Morocco is a country with an enormous imbalance in the relative power of the monarchy, the State and the three branches of government. The king and his palace entourage continue to wield almost absolute de facto power over matters affecting Moroccan society as a whole. Despite promising statements and image campaigns since Mohammed VI’s accession to the throne, a monarchical structure that is genuinely compatible with a state based on the true rule of law has not yet been forged. Constant interference by the centres of power close to the king in the normal workings of State institutions, particularly the government, is slowing the economic and human development of the country while also generating a greater social discontent. The continued existence of the so-called ‘sovereignty ministries’ (justice, foreign affairs, home affairs and Islamic affairs), directly controlled by the Palace, reduces the effectiveness and credibility of the work carried out by the duly elected government.
The Rule of Law and Corruption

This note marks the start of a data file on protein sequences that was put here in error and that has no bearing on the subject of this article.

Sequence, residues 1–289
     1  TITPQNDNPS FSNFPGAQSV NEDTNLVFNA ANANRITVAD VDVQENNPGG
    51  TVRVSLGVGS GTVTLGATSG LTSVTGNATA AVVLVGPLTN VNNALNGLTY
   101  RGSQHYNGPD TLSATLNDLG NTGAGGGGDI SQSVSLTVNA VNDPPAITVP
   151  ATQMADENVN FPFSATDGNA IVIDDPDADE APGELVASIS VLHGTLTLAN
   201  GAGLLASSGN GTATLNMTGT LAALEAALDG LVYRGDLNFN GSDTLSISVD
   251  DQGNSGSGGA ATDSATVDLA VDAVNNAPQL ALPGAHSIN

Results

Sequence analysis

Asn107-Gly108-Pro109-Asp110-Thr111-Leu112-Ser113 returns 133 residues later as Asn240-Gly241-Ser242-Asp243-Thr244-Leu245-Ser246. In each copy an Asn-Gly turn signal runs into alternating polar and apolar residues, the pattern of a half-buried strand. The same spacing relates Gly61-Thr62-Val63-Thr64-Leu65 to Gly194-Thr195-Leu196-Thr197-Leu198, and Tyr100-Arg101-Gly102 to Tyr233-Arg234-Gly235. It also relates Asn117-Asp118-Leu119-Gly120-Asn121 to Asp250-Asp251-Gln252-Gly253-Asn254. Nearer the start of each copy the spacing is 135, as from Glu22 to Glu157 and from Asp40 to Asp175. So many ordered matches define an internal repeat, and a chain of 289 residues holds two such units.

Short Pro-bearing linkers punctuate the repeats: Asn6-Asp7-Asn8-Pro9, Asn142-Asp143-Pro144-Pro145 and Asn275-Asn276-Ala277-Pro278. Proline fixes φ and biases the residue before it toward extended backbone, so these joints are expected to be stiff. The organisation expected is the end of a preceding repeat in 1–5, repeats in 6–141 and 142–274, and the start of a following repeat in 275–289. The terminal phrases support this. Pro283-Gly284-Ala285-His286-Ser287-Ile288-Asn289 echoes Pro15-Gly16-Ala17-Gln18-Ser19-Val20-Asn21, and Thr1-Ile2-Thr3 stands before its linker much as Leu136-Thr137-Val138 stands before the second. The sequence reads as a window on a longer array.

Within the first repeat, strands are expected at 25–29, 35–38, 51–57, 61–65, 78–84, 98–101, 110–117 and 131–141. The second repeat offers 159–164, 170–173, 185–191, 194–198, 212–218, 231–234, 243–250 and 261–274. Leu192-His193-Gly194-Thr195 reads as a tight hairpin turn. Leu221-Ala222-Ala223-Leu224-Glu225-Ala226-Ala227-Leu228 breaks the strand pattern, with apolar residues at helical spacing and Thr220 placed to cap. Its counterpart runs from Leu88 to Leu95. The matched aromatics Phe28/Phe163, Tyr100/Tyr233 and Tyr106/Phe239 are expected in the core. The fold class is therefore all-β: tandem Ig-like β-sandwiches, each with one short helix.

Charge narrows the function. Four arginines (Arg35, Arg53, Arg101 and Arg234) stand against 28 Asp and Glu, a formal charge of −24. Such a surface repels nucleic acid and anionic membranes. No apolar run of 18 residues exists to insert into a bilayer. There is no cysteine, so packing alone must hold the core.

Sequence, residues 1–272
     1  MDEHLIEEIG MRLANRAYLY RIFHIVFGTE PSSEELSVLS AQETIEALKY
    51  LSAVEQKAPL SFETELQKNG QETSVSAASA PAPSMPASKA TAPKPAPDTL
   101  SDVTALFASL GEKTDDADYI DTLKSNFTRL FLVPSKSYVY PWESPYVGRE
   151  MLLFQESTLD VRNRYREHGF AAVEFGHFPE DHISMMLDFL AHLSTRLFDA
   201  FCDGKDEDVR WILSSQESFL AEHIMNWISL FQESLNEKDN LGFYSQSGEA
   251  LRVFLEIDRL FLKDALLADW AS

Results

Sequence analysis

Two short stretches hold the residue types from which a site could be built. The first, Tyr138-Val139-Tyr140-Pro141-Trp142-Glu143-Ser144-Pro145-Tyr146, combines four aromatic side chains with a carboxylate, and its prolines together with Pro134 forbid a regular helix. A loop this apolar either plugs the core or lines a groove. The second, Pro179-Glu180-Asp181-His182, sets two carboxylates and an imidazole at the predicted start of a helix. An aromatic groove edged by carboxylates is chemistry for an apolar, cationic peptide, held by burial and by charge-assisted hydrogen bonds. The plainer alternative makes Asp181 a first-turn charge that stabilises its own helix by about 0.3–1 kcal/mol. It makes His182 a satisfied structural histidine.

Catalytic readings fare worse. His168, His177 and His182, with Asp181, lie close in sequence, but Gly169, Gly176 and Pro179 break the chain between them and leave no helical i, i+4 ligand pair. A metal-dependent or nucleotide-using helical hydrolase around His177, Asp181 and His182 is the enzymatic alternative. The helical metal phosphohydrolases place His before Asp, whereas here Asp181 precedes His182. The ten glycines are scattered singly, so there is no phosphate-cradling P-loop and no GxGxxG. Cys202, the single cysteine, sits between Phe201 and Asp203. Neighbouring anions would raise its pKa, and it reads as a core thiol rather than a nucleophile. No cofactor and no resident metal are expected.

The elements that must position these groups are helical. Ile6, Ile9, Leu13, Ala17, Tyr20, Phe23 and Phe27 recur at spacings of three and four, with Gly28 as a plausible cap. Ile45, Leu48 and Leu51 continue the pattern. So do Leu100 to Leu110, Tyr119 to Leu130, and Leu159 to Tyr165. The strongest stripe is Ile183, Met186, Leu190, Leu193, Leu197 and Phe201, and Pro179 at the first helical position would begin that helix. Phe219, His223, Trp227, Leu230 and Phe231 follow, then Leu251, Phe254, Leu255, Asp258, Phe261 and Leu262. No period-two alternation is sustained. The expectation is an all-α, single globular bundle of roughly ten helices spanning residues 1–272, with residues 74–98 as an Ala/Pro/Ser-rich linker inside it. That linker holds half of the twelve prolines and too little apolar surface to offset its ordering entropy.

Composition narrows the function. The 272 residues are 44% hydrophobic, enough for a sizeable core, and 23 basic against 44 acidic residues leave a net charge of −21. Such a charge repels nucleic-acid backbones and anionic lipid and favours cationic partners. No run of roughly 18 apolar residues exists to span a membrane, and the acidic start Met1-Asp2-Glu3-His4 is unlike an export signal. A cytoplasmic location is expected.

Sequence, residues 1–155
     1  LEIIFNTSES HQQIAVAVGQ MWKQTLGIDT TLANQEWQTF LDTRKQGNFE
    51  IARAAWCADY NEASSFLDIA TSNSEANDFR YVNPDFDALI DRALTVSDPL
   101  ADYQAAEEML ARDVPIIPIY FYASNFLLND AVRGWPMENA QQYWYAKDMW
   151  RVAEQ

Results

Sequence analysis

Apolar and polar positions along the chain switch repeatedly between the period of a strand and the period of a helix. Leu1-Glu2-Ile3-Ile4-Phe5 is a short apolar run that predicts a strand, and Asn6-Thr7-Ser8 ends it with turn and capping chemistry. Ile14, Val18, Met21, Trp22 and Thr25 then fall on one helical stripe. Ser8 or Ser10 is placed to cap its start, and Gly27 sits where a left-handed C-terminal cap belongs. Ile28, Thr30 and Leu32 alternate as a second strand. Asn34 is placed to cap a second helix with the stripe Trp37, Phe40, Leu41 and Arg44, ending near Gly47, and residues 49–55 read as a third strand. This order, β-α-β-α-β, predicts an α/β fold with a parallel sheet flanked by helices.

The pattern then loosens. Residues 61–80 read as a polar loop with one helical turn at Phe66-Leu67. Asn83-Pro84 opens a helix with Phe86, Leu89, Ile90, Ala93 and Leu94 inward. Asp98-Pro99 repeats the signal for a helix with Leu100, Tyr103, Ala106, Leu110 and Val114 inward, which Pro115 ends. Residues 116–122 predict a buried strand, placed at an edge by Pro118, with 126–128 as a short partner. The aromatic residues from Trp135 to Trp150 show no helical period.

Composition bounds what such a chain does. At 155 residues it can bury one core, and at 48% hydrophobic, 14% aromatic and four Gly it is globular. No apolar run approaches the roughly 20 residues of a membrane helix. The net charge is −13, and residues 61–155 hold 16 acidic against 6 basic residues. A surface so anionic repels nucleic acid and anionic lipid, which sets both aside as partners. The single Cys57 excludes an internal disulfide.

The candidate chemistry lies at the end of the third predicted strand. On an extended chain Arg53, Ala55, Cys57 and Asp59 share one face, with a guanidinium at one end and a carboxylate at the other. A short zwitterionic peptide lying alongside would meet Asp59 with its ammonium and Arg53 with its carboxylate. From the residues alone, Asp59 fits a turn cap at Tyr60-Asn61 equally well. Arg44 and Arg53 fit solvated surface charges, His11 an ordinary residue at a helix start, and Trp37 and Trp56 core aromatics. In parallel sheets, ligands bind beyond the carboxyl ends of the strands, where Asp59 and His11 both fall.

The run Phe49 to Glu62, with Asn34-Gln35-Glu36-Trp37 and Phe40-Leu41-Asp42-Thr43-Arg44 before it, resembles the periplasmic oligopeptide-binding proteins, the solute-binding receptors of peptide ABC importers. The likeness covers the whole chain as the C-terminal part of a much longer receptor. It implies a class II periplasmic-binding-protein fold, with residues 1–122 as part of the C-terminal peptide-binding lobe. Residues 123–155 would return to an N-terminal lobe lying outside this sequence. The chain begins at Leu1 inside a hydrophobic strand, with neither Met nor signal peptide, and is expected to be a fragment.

One of the main achievements that the West attributes to Mohammed VI is the reform of the family legal code, or mudawwana, in January of this year. After being blocked for a long time by the most conservative sectors, fearful of the demise of the traditional family and respectable behaviour, the newly-worded draft bill proposed by the crown won unanimous parliamentary approval. Among other changes, the new law raises the legal age for women to marry from 15 to 18; establishes the right to divorce by mutual consent; subjects polygamy and the repudiation of wives to judicial control; establishes that the family is the shared responsibility of husband and wife; ends the woman’s obligation to obey her husband and eliminates the need for a woman to have a legal guardian in order to get married. In many respects it is one of the most progressive family laws guaranteeing women’s rights in force anywhere in the Arab world. It was possible to have it approved with no opposition from the Islamists thanks to the change in political climate following the Casablanca bombings, which put the religious groups on the defensive and silenced their protests, since they feared being associated with those responsible for the attacks.